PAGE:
IT was a big day for landmarks at Henty yesterday. The opening of the town’s machinery field days marked the 50th anniversary of the event — and the 100th for the iconic Akubra hat.
Visitors donned their best country attire to tackle the mud, up to their ankles in parts, but the rain was not enough to keep the crowd away.
Former deputy prime minister Tim Fischer pointed out the changes in agriculture over five decades when he opened the event, saying it was only a dream in the 1960s.
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Mr Fischer said the event played an even more important role than recognising the work of farmers in that it provided further education.
“It is an event, this, of impacting by providing knowledge,” he said.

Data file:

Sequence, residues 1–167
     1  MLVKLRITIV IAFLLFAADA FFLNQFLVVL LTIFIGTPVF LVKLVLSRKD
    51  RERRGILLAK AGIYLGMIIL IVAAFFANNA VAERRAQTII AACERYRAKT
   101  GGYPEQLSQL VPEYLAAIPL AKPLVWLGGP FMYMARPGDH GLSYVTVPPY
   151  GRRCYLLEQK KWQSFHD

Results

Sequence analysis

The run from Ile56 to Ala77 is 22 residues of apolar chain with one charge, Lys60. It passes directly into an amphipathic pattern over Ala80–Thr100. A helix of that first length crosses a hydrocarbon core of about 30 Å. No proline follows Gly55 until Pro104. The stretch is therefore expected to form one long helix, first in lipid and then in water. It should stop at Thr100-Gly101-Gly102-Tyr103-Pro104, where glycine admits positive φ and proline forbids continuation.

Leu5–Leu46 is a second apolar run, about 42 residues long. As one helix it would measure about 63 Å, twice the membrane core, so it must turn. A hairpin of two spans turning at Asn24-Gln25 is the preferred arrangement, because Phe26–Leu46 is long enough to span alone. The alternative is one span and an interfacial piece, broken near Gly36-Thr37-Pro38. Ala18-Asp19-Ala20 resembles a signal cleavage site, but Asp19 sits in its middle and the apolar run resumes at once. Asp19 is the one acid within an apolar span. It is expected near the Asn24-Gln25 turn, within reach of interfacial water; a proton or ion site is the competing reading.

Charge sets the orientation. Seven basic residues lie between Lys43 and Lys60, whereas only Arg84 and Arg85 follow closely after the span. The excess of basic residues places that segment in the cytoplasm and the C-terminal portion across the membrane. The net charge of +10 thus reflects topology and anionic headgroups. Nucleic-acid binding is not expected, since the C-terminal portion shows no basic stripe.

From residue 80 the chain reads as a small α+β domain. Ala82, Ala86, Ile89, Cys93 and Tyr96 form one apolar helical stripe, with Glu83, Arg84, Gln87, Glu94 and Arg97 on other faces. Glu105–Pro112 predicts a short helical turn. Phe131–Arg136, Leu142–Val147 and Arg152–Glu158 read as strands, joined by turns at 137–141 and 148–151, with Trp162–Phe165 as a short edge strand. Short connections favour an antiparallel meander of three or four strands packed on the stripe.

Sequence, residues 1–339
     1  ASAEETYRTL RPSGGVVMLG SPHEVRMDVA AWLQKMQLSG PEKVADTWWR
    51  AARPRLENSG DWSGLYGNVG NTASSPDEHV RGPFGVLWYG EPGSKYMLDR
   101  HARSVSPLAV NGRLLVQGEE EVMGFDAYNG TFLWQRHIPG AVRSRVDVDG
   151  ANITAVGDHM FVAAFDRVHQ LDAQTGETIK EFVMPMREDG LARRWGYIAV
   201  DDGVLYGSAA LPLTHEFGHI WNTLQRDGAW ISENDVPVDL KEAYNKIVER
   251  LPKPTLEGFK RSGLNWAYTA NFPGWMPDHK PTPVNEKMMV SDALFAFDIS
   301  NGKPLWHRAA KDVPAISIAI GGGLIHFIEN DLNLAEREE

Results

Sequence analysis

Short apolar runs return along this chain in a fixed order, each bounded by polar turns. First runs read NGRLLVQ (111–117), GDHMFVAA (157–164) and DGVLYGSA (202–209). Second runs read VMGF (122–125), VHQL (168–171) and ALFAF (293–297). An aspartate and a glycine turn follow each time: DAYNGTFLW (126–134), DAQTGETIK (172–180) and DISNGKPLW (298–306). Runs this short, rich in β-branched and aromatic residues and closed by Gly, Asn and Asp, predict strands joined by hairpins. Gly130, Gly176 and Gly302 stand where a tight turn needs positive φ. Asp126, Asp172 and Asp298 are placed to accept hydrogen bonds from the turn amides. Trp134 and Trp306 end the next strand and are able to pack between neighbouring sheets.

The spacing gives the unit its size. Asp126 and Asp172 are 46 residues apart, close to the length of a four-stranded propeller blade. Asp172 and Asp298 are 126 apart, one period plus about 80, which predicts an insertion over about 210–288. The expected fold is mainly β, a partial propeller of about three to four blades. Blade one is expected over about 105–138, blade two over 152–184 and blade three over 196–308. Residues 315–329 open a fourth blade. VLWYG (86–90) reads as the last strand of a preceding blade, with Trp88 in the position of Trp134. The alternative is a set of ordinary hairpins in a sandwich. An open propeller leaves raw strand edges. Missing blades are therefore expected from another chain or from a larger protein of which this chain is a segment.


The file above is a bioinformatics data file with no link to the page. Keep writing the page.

“And of course, there is that jingle that drives you mad.”
Mr Fischer was also impressed how the leadership role of women in agricultural had grown so much.
“We are stepping into the 21st century and we need to recognise that 50 per cent of the agricultural workforce is made up of women folk,” he said.
“They do not have kitchen or computer roles, they are well trained and are capable of bringing strong leadership.”
Henty Machinery Field Days chairman Ross Edwards said there were 800 exhibitors this year and organisers expected more than 60,000 visitors through the gates.
“The advancement over 50 years is incredible,” he said.
Mr Edwards said he was amazed at the advances made in producing farm machinery and pointed to an old header from the ’60s to prove his point.
“One of the machines we use now could harvest more in a day then all these put together,” he said.
Mr Fischer said that the Nationals’ Barnaby Joyce, who was confirmed on Monday as the incoming agriculture minister in the new Abbott government, would be a “fantastic minister”.
“He will bring dedication and determination to the job,” he said.